March 25, 2012

USDA knew of risks, yet imposed no rules

By Jonathan Riskind
Washington Bureau Chief

and Avery Yale Kamila
Staff Writer

The federal agency responsible for ensuring the safety of the nation's beef supply has known for 14 years that retailers' poor record keeping jeopardizes public health, but it failed to require better standards.

Richard Raymond
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During his final year as Department of Agriculture under secretary, Richard Raymond testifies on Capitol Hill in Washington in 2008. “I did not feel (the inconsistency in grind logs) was a significant public health risk compared to other food safety issues,” he said. Mandating meat tracing standards wasn’t on his “radar screen,” he said. The USDA has said the logs are key to investigations into public health threats.

The Associated Press

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The Jamie L. Whitten Federal Buidling houses the administrative offices of the U.S. Department of Agriculture in Washington, D.C. Some food safety experts say the federal agency has a built-in conflict of interest, caught as it is between having to police U.S. agriculture and to promote it as well.

Jonathan Riskind/Washington Bureau Chief

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A summary of a new record-keeping rule for retailers was announced in January. It signals the beginning of a lengthy rule-making process that traditionally takes years.

PROPOSED RULE: Records must be kept by official establishments and retail stores that grind or chop raw beef products.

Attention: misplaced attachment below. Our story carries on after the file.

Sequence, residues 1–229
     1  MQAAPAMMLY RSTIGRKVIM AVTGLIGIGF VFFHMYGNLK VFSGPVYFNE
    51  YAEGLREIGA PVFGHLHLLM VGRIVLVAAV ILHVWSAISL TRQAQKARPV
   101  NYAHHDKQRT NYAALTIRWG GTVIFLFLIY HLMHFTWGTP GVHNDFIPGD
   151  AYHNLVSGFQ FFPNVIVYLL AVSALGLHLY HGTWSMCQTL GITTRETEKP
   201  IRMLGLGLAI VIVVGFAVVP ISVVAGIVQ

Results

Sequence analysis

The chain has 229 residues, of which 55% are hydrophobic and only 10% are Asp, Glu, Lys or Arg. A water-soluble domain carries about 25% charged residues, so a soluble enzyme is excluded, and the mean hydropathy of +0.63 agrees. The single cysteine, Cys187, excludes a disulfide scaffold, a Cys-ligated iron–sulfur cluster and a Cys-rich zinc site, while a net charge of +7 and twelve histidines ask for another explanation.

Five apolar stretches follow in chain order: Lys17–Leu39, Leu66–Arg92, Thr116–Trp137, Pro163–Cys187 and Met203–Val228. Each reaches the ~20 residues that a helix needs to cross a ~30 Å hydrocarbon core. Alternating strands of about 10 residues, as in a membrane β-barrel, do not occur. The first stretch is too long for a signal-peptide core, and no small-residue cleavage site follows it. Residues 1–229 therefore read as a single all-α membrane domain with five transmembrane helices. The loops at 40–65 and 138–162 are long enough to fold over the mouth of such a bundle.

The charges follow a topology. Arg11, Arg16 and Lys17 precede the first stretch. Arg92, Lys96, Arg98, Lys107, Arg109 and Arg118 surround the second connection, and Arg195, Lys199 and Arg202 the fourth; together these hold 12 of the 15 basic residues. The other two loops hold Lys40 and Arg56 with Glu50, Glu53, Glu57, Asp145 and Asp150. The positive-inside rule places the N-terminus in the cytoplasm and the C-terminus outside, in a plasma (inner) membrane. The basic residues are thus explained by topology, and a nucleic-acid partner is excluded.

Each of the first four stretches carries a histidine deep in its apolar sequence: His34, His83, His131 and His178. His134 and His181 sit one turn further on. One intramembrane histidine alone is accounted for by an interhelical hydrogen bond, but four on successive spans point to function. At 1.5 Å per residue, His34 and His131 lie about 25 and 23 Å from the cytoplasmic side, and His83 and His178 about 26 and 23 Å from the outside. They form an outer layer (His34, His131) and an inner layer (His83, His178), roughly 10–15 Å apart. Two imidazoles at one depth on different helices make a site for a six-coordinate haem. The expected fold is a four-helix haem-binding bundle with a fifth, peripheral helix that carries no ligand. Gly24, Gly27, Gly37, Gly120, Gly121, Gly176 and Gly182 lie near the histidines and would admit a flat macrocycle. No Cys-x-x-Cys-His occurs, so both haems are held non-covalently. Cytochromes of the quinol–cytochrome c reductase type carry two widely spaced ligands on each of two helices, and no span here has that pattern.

ABSTRACT: The Food Safety and Inspection Service, or FSIS, is proposing to amend its record-keeping regulations to specify that all official establishments and retail stores that grind or chop raw beef products for sale in commerce must keep records that disclose the identity of the supplier of all source materials that they use in the preparation of each lot of raw ground or chopped product and identify the names of those source materials.

The U.S. Department of Agriculture blamed poor record keeping by Hannaford supermarkets for its failure to find the source of contaminated ground beef linked in December to a salmonella outbreak that sickened 20 people in seven states.

Yet the USDA knew as early as 1998, when it recommended the industry keep better "grinding logs," that it was putting public health at risk by not requiring retailers like Hannaford to keep records that track the source of hamburger meat.

When a food-borne illness breaks out, identifying the source is critical to preventing more consumers down the line from getting sick. Grinding logs identify the various sources of meat that are sometimes combined to produce a single package of ground beef sold to consumers.

Even as the USDA heaped criticism on Hannaford for not having better record keeping practices, the agency has admitted that the grocery chain was not violating any federal rules.

The Hannaford case is now the poster child for why tough new record-keeping rules are needed, the federal agency acknowledges.